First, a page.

Ruth is 92 (and claims she never intended to live this long...), with multiple serious health issues. She was living independently (with support from me) until her last hospitalization which left her so weak (including being unable to stand or walk) she now needs a skilled nursing facility.
What I've come to understand after both experiences, trying to keep her independent at home with multiple health issues, and now having her in a facility, is that either way, we caretakers have the proverbial full plate if we want to ensure high quality care/life.
Here's what I've learned during this long trip (not the LSD kind, which is looking better all the time...) with my mother as her health continues to decline. If/when it's your turn to go down this path, I hope this helps you navigate the road a bit more confidently.
Conduct yourself like a professional healthcare coordinator who is responsible for a full understanding of all aspects of the patient’s care (starting with a crash course on the diagnosed conditions and their treatments – you can get lots of factual information online). Do not blindly accept information or opinions of medical professionals who see hundreds of patients a week and spend very little time with each of them.
And if you’re thinking “I don’t have time to do that” you actually do, because your already spending that time reacting to crises created by the ineffectual care being given to your loved one – proactively staying ahead of the curve is a much better use of that time…
Hold your healthcare professionals accountable for quality care:
Do not accept non-answers, condescension, vague answers, answers in medical jargon, or the attempt made by so many doctors to treat your questions as silly, unnecessary, or the time needed to answer them as annoying – you would not accept this of any other service provider, and a doctor is no different.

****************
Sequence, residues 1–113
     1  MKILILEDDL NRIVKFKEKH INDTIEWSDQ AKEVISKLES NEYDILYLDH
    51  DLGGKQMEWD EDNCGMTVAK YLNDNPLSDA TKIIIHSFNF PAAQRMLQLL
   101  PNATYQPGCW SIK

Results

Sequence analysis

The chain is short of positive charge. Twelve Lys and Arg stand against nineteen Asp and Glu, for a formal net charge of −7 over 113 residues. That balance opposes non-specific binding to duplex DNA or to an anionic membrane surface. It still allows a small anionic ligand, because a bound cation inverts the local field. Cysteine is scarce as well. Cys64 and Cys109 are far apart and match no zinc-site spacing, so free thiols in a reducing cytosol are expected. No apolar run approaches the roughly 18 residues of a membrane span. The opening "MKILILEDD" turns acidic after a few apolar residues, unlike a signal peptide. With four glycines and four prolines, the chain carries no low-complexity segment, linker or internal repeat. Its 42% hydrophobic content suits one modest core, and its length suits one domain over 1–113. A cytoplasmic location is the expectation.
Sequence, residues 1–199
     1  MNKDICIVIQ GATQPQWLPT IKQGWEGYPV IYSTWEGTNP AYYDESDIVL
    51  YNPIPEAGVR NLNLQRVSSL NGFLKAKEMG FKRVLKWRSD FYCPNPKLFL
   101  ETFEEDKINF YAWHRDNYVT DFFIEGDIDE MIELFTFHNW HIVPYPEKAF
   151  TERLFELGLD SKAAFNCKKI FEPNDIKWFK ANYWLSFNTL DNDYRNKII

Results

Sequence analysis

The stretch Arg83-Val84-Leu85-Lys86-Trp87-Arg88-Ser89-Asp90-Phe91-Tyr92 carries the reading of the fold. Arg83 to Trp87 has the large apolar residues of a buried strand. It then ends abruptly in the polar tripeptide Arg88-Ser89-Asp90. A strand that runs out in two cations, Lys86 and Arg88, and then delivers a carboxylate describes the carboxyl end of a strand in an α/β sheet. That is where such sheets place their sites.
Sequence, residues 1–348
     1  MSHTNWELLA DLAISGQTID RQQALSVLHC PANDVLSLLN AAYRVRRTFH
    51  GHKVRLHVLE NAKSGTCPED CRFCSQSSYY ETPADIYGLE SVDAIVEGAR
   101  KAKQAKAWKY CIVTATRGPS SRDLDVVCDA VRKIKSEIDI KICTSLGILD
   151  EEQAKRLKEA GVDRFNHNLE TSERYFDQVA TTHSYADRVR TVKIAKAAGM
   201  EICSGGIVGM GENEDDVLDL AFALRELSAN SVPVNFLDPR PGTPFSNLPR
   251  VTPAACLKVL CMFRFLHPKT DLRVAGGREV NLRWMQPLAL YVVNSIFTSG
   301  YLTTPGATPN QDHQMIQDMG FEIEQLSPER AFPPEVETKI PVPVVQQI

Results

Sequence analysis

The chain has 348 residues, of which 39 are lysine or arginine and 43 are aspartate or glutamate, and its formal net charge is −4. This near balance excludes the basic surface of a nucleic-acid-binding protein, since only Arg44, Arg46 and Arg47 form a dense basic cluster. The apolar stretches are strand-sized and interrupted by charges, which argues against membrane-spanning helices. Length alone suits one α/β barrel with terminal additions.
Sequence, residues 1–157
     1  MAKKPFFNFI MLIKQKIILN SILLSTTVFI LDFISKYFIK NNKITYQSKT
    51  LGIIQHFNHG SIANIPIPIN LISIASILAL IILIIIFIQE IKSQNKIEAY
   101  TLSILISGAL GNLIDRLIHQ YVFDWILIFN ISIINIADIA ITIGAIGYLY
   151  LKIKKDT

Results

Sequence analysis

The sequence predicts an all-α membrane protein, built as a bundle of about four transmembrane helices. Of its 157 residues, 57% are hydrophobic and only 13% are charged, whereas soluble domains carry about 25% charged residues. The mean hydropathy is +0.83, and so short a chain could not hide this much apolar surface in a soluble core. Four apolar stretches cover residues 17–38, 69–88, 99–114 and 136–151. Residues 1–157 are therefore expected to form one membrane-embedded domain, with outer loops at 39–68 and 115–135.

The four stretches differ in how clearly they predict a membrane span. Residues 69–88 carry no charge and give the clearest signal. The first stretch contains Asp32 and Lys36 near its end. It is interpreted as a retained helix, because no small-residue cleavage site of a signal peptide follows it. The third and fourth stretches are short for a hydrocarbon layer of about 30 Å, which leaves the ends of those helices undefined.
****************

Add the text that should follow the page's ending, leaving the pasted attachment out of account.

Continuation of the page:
In fact, seek out the leaders in the specialty associated with your loved one’s diagnosed condition, wherever those health professionals are (if your loved one is still able to travel) – do not limit yourself to your geographical area or even your State. The cardiologist who saved my father’s life numerous times when all the "best docs in the field" here in Tampa had sent him home to die, is located in NYC. Also remember, this is a business, so do not accept guilt trips, hurt feelings, or any other unprofessional reaction on the part of your doctor – if that happens, find another doctor.
Stay on top of your loved one's care in any facility, whether the hospital, fully skilled (eg "nursing home") or ALF:
Here in FL, regulatory oversight of Skilled Nursing and Assisted Living Facilities is lax at best, a bad joke at worst. Even if it’s better in your State, don’t rely on others, whether government entities or facility/medical staff, to “do the right thing” by your elder, or yourself. That’s up to you…and you alone.
Whether you live neaby, or in another State, you must make sure:
- your loved one gets their meds administered correctly every day (staff tend to give out meds in times/ways most convenient for them, not based on patient need)
- appointments for any outside docs you want your loved one to see are arranged (by you) and that their orders are followed correctly by the facility staff
- your loved one's daily care is consistent and responsive (patients without regular visitors/check-ins by loved ones are far more likely to get poorer care - I've seen it over and again with my mother's "roommates" who had no one - they quickly had me advocating for them by proxy), and
- if necessary, hire a trained aid from a credible home health agency to be with your loved one each day to ensure as much active engagement as possible.
You have been officially alerted.